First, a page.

Dividing Lines

The Independent Eye, Old City Stage Works, 115 Arch St., through Dec. 3, 925-2838.

Bread, wine and seltzer are served during the intermission of Dividing Lines, a series of scenes and sketches by Conrad Bishop and Elizabeth Fuller at The Independent Eye. But to get to it, the audience has to cross over into the stage area through a row of bright orange traffic cones.

Dividing Lines is about crossing boundaries, or failing to -- barriers of cultural difference, of self-willed isolation, of personal defenses. In the very first sketch of the evening, the cast of six plays a game of musical chairs, marking each stage of exclusion with aggressiveness, hostility, defensiveness, liberal apologies and tirades about rejection. And in another, passersby in the street try to deal with a man standing impassively at attention inside a square that he has marked out in masking tape on the pavement, and aren't satisfied until they eject him from his square and crowd into it themselves.

If this sounds schematic and reductive, it is. For in many of these sketches, the writing betrays its origins in several years of The Independent Eye residencies in colleges and high schools; and the actors are all members of the Eye's new "genesis ensemble," formed to develop material of this sort.

Sketches of the "musical chairs" ilk (e.g., the closing piece of the evening, which uses the metaphor of ethnic foods to satirize conformity and to celebrate difference) are simple and gimmicky. Others (about the friend who felt too insulted to show up at her reunion of high school friends; or three short scenes tracing three children through high school and adult life forming clubs that systematically exclude one of the three) all make their psychotherapeutic point well enough about friendship and communities. And still others (a sketch about telephone solicitors, and another about a stenographer recording a murderer's confession) sneak up on you with the rather simple points they make about communities of exploitation and unrecognized kinships.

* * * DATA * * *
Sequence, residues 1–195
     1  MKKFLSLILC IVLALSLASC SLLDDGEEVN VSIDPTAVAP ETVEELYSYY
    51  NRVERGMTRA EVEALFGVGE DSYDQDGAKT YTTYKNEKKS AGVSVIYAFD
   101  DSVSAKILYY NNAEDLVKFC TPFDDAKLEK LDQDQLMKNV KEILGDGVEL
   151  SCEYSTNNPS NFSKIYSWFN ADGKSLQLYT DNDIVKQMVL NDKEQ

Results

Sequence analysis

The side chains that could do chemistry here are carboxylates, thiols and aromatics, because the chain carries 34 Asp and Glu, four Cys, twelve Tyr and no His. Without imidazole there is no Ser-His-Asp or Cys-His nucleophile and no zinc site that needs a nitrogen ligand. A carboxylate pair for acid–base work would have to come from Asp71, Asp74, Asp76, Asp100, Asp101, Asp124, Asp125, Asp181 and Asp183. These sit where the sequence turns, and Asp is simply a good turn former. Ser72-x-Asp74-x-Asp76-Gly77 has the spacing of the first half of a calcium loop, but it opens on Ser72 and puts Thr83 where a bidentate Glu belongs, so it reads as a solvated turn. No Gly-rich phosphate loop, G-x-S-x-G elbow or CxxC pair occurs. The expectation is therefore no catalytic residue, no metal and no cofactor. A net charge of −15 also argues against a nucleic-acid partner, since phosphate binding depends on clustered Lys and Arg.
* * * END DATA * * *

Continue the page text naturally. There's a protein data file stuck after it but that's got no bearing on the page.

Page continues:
Much more successful is the piece that closes the first half of the program, "Party Time." Put aside the gimmick (that God lives with her husband in a two-room walk-up at 48th and Market and watches the lives of her neighbors on her TV set), and what you see is a series of snapshots, the actors grouping and regrouping to show us brief glimpses of various couples' lives of conflict and quiet desperation.

Here, as in Bishop and Fuller's set of 90-second radio sketches for NPR, Family Snapshots, the playwrights have found their form: bright, searing, insightful, devastating hit-and-run miniatures. (All the Family Snapshot sketches are available on cassette, and are well worth the $12.)

But the longer pieces still smell of the group-therapy workshop. And the shorter, more abstract ones would be less glaringly schematic if, like The Independent Eye's delightful Rash Acts playlets, they had employed hand-held puppet heads on tiny puppet-show-sized stages instead of flesh-and-blood actors.

(This, I must add, is a reflection on the writing, and not on the ensemble of able actors: J. J. Van Name, Sonja Robson, Joy Keys, Timothy Jackson, Christopher Kendra, and Kevin Augustine.)

-- Cary M. Mazer